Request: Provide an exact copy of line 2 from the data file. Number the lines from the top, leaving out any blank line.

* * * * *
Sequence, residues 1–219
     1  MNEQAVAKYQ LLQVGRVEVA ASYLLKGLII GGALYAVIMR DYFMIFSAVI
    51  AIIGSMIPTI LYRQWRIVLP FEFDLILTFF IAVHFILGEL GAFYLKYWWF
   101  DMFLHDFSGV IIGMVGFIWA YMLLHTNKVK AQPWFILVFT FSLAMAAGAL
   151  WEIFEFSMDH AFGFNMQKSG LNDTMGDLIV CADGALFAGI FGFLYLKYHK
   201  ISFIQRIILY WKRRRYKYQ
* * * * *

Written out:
     1  MNEQAVAKYQ LLQVGRVEVA ASYLLKGLII GGALYAVIMR DYFMIFSAVI